Disaster!! Hello, well we had our first big disaster today!! I've e mail a few times with various beginners questions and everything had been going well up until today. As a matter of fact we were finally beginning to relax. We have a new 90 gal aquarium with 100 lbs of live rock. We cycled it and bought our first 2 fish, 2 Percula clowns. They did fine, we lost a few Turbos and one sally light foot, but everything else was fine. Last weekend we added our first new fish, a red lipped blenny. We had algae all over the tank and in one week he chowed it down!! We couldn't believe it. Tonight when we were looking at him, we couldn't believe how fat he was!!  <yes...very cool and useful fish> Anyway, we spent all day in Tampa today looking for a new fish. We wanted to get a hippo tang.  <also known as an "Ich Magnet"... always full 4 week QT for these guys> We finally found a cute small one who ate well. We bought him ( and a r/o unit ) and a few other things, including special food for him. We brought him home, acclimated him and let him go.  <Aiiiieeeee! A quick search of the archived FAQ's on this site will let you know that a blue tangs weight is made up nearly in half by white-spot disease...hehe. PLEASE quarantine all fish without exception... it saves money and lives> He was happy right away, eating the algae, we fed the clowns and he ate the brine shrimp too, etc.  <easy on the brine shrimp too...mostly water... a nearly useless food. Too bad it is so well liked> Everything was jolly . . . until the blenny realized someone else was eating the algae. He starting nipping at him everywhere and leaving marks, we were sooooooo upset!! I panicked, not sure what to do, I wanted to get the blenny out of there. But with all our live rock we didn't know what to do. So we started pulling the live rock out of the tank piece by piece until we got the little bully out. We dumped him into the quarantine tank.  <holy crap... you have a QT tank and didn't use it for the tang?! You guys are killing me! (smile)> But now the whole tank is so stirred up and our two clowns are going nuts and our poor little hippo, is up in the corner I'm sure totally freaked out!!!  <yeah.. a bit of stress there> We took out 80% of our live rock and set it on the floor, it was out for only about 5 minutes and we put it right back in. So we're hoping that there wasn't die off. <no chance of it... that rock is moist and out of water for DAYS on import> What can you tell me? Did we freak out just because the blenny was nipping at the tang??  <yep... some establishment of a pecking order is expected with all new fish. If it amounts to tears in fins you might have reason for concern... but nips and chasing is common> Should we have just let it happen?? I didn't know what to do. The blenny was doing obvious damage to the tang.  <agreed then... someone had to be removed> I'm just hoping we don't lose 2 fish over this. It was so upsetting. The water is very cloudy right now but we've got 3 powerheads going full blast and the skimmer running. Hopefully it'll be cleared up by morning. I just hope the tang is OK. I have a feeling the clowns will be fine. Let me know what you think. Distressfully yours, Katie and John Michael <do relax, friends... you primary concern right know is that you dodge a bullet from the tang getting Ich and taking the whole tank with him for the lack of quarantine... it really is a big deal. Please don't learn the hard way like so many of us. QT is to last 4 weeks for all wet animals brought in (Fish, coral, shrimp, crabs, etc)... conservative but safe and responsible. Best regards, Anthony>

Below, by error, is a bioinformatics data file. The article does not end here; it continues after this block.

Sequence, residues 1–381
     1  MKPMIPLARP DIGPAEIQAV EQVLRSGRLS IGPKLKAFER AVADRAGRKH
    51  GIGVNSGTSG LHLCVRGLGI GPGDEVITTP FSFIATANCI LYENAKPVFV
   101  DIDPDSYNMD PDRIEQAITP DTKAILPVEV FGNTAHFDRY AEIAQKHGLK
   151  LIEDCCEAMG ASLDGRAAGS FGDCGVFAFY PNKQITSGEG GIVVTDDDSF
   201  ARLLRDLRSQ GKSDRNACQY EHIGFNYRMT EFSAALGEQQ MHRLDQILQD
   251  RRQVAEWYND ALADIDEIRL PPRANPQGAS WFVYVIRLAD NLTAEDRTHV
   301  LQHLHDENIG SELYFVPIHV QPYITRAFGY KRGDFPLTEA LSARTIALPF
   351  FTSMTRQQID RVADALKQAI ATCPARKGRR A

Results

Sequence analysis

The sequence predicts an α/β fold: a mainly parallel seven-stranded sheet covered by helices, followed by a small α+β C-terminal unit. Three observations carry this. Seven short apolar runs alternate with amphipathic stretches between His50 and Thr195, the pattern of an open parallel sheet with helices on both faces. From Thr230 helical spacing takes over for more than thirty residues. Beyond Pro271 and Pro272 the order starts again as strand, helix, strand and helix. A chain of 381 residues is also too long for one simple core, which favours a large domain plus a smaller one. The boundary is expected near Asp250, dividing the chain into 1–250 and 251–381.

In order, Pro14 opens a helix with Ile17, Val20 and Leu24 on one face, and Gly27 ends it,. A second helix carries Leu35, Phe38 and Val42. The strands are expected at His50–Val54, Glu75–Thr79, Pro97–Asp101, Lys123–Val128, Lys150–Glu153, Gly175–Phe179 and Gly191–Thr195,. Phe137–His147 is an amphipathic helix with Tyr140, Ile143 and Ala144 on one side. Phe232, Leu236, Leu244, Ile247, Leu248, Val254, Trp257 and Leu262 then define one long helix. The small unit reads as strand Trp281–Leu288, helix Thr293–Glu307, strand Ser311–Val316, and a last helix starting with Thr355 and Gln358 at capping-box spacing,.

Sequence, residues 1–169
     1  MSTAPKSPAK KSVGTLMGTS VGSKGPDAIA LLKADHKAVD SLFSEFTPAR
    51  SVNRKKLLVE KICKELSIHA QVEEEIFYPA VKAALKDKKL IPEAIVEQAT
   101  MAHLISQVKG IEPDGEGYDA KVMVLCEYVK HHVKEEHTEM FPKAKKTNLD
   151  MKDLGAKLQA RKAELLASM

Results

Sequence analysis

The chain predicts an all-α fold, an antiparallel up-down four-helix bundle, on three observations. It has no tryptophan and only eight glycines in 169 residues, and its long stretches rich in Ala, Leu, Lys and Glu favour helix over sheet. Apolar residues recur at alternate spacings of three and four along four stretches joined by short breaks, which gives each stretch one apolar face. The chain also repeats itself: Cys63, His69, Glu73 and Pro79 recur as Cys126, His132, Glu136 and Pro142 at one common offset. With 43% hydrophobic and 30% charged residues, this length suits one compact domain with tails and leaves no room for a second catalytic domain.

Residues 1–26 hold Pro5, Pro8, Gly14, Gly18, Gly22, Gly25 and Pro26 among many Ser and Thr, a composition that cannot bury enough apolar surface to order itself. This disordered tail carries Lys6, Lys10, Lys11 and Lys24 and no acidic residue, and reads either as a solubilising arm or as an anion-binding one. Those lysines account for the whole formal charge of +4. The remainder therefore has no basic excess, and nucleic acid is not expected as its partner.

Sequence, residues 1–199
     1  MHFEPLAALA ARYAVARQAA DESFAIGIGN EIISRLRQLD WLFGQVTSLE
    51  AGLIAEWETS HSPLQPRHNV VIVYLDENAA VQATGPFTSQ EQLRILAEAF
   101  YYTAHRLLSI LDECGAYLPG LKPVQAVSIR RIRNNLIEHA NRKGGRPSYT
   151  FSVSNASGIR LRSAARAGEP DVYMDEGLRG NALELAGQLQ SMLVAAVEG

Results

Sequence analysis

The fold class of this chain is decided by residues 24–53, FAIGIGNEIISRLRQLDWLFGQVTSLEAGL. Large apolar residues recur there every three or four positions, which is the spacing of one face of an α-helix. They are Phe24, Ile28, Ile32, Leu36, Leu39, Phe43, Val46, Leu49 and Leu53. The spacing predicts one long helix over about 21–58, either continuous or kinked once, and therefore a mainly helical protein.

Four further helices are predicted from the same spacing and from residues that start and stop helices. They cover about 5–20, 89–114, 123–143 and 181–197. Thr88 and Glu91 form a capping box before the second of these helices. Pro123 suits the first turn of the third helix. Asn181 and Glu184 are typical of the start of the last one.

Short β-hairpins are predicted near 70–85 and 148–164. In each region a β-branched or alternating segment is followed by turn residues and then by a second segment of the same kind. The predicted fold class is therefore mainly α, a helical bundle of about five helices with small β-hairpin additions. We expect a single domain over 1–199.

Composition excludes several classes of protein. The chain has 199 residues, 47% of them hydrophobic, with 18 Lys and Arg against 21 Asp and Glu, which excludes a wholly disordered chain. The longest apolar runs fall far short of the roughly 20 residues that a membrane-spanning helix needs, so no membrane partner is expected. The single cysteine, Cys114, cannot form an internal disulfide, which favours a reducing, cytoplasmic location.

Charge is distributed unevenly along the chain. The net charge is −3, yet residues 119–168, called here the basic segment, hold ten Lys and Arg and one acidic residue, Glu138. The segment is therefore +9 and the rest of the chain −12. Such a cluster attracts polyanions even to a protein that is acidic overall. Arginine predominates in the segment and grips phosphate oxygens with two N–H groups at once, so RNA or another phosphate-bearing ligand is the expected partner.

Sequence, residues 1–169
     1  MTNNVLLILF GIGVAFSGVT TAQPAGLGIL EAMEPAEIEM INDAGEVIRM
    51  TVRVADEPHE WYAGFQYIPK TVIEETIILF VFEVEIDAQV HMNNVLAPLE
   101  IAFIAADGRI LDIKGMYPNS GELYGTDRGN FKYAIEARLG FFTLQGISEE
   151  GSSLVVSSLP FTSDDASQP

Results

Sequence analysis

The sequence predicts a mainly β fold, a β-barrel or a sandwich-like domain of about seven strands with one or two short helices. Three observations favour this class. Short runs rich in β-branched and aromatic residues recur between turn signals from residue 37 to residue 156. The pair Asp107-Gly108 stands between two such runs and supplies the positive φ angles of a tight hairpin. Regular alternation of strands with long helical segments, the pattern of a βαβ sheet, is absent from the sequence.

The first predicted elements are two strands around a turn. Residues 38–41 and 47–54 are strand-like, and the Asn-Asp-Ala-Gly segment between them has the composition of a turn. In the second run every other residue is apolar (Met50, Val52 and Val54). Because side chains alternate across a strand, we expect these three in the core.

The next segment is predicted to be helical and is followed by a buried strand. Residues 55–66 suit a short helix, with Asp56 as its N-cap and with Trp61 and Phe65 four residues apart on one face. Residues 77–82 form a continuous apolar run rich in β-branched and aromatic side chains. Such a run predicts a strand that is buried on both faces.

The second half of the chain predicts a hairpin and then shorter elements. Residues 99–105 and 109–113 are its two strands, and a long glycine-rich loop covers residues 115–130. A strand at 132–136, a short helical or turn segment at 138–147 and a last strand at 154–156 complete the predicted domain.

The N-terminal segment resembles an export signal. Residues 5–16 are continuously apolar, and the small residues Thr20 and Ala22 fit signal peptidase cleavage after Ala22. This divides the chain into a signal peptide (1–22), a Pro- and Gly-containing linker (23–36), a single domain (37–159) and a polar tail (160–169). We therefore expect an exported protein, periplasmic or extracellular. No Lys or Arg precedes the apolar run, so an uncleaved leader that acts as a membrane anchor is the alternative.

Disaster!! II Thank you for your quick response. I'm a little more relaxed this am. <glad to help> I forgot to mention that we decided not to quarantine this fish because our q-tank was less than optimal water wise, the guy at the store treats with copper and is a reputable dealer but . . .  <to be clear... that does not help much or at all in reality. Copper is only effective against Crypt (Ich) but little else. Gill flukes and velvet bury too deep in the flesh to be phased by copper, as with most other pathogens. Even then, the copper has to be dosed daily and tested to keep up with therapeutic levels and carbon or chemical filtration cannot be run in the meantime. So if they run copper therapeutically at all times, then they never run chemical filtration? That is far worse for water quality in a holding/merchant system. And after all of that, any value to the practice is wasted if new fish shipments are added weekly. A fish held for a month is just as contagious as the new fish in the same tank added the day before you bought the tang (a new potential carrier for exposure... no kill on site for copper)> I still feel bad that anything happened at all. <agreed... you couldn't have foreseen the aggression of the blenny> This morning the tang was behind a powerhead, I thought he was stuck. So, I got him out and he started swimming like he'd be OK but then he went up in the corner and is still there. The clowns are fine, eating this am already.  <good to hear> The tang is kind of "butt up" in the corner but doesn't look like he's breathing hard. Do you think he'll be OK?? What are his chances?? He didn't eat this AM, but I didn't expect him to. We'll keep the lights off today. Anything else you can think of that we can do to keep him alive?? <slightly lower salinity (towards 1.018) and very good aeration/protein skimming will help> Yeah, we're still working with our q-tank, we've been having problems with high ammonia and not being able to get copper levels right.  <wow... there is a better way. QTs do not need to run or cycle in advance. Empty QT waiting... have a sponge filter running in healthy main tank at all times and it will stay cycled with the fish load in the display. When the QT is needed, bring the dirty sponge filter and 50% old water down to the QT and top off QT and display with new seawater. Quick and easy. And copper is only useful for Crypt... not much else. I generally don't use it but as necessary. See other posts on Q&A Monday and archived describing this> So we bought a new weird sort of sponge filter for it that bubbles up with an air stone. Unsightly but the store owner recommended it for decreasing the ammonia and getting the copper right.  <agreed... ugly but very effective. My first choice for QT> I guess that's a lesson to us to not buy a fish until the q tank is set up properly. It's a 10 gallon by the way. So, that's why we didn't use it. We had full intent. Do you think that the blenny wouldn't have nipped at him?? <no...probably would have happened anyway... the tang just would have been stronger and recovered faster> OK, our q tank the other day had ammonia of .5 and copper of .4, trace of everything else.  <the ammonia is tolerable (especially with water changes)... but the copper level is inaccurate or deadly!!! over .25 is scary... water changes ASAP to lower or use a poly filter> (I know I know, the blenny is in there, but we had no other choice but flushing him alive and I couldn't bear that . . . )  <how about trading him back to the LFS or finding a local aquarium society... a great place for information> We put this yellow almost clover shaped sponge filter in the tank with an air stone hose bubbling through it.  <I know it well... Jungle brand "Dirt Magnet"... a great little filter> We're gonna check the water right now to see if the ammonia and copper are down.  <it will take days/weeks this way> The blenny is still all funny striped and breathing heavily and alive.  <the copper is the problem... too high, emergency> Not sure if he'll recuperate. But . . . what can I do. What do you suggest with this q tank? Put every fish in there for 4 weeks and treat with just copper or copper and some abx??  <4 weeks and medicated only as necessary. Copper for Crypt, Formalin/Quick cure would be better for parasites. Freshwater dips would be best (read through articles/archives on this site/topic)> Please help. Every since we set this tank up the q tank has been a mind boggler. <just needed good info from go. A sponge or extra Powerfilter running and ready on the main tank is all you need. The QT can stay empty in storage until needed> Thanks for all your help and support. We'll update you on the health of all fish. Hopefully our tang will be OK. Have a great Easter!! Katie and John Michael <our best regards to you and yours, Anthony>